Topological overlay is a process whereby separate layers sharing the same spatial extent are merged in different ways. The landscape architect Ian McHarg developed an analog method, a precursor to the digital implementation within GIS . His approach was to take maps traced on sheets of acetate or mylar, and place one on top of the other, and tape the stack to a window or atop a light table. Areas of overlap were darker than areas that did not overlap. The GIS performs in a similar manner, except that the input and output is more accurate and precise, and easier to manage.

The reason these operations are known as "topological" overlay is because the overlay process includes the rebuilding of the topological relationships that make layers function. In the GIS, where lines intersect between one layer and another, vertices are created. Where lines or points share the same space as polygons, the lines and points inherit the attributes of the spatially corresponding polygons. New layers are formed which can take on the attributes or coordinate properties of input datasets. Some or all features from the input datasets are passed on to the output. Attribute values from both input datasets are passed on to the output dataset.

Topological overlay is different from the Select By Layer operations described in the last lesson. In the Select By Layer operations, ArcGIS only looks at the spatial overlap of the features of two layers, and creates a new selected set in one of those layers no new datasets are produced no attribute updates are made. In Topological overlay, new layers are created whose geometry and/or attribute structure are altered. Topological overlay allows us to find overlapping features, as well as to quantify the area or length of overlap.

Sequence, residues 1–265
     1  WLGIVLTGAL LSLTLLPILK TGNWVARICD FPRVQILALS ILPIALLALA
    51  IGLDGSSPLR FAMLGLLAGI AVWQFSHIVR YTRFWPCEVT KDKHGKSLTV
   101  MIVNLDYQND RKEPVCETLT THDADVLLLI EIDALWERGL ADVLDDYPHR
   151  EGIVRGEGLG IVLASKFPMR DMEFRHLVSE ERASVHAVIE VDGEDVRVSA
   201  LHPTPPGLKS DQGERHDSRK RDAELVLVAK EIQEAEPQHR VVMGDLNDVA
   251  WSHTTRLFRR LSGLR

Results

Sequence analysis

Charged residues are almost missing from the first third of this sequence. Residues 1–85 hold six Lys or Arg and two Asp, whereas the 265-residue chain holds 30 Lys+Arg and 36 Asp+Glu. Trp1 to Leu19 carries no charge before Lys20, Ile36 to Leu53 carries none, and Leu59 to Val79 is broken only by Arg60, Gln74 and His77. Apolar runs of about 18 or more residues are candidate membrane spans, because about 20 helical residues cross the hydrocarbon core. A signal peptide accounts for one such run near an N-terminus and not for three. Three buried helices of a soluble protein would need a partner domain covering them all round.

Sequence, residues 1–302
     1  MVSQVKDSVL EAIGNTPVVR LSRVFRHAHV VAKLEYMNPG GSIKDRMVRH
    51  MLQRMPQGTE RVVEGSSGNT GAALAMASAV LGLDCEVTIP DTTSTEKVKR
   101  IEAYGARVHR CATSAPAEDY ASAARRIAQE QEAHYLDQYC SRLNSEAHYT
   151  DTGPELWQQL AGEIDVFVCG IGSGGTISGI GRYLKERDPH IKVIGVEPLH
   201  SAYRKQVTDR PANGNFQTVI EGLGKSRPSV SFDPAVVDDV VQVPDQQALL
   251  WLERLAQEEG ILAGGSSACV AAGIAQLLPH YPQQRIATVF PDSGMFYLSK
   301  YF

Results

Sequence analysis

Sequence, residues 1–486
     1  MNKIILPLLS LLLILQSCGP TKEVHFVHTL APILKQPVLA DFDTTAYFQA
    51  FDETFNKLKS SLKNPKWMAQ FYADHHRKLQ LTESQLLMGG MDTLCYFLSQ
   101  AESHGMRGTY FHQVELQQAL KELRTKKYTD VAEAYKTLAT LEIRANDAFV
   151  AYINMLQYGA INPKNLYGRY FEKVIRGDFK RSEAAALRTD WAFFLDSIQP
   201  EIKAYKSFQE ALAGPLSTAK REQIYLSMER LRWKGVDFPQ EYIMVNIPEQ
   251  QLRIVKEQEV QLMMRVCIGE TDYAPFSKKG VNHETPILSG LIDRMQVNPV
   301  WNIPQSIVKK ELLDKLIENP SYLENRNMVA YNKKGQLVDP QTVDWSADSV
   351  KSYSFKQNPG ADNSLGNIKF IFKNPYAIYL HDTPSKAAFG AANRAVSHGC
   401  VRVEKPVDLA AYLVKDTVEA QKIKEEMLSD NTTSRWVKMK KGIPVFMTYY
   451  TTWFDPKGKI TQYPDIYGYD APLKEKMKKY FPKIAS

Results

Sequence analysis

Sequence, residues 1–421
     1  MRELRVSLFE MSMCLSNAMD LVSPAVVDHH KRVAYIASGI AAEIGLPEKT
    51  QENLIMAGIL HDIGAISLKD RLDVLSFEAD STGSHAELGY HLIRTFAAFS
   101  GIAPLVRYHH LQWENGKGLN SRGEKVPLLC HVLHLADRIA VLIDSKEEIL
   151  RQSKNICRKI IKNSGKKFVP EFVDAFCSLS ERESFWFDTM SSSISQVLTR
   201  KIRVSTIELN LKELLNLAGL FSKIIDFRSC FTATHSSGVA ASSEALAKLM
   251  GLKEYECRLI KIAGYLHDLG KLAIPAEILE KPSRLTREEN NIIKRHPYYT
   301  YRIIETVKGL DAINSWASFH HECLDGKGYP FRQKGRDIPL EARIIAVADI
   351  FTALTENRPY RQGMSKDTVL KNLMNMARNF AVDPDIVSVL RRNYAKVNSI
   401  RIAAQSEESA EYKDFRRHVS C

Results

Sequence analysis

Buffering is a separate topic from topological overlay, but is frequently bundled with overlay because more often than not the results of buffering are used in subsequent overlay analyses to quantify the properties of the landscape within a buffer area.

In ArcGIS, geoprocessing operations, including topological overlay operations, are accessible through ArcToolbox.

ArcToolbox exists as a dockable window within any of the other ArcGIS Desktop applications (ArcMap, ArcCatalog, ArcGlobe, ArcScene). The overlay and proximity methods for feature classes (shapefiles and geodatabases) are arranged within the Analysis Tools tree within ArcToolbox:

A similar set of operations is available for ArcInfo coverage data:

The following cartoon layers will be used to illustrate the functionality of each different topological overlay operation. The sample layers are Ring and Box. Note that the Ring layer has a numeric attribute, while the Box layer has a text attribute. Where the numeric value is undefined, ArcGIS will place a 0 where the string value is undefined, there will be no value at all.

Each of the overlay operations results in new datasets. For output datasets, feature geometry is almost always modified. In cases where geometry is modified, it is possible to update geometry attributes (e.g., area, perimeter, length). the recalculation of geometry, plus the joining of user attributes, is what gives the power to the overlay operations.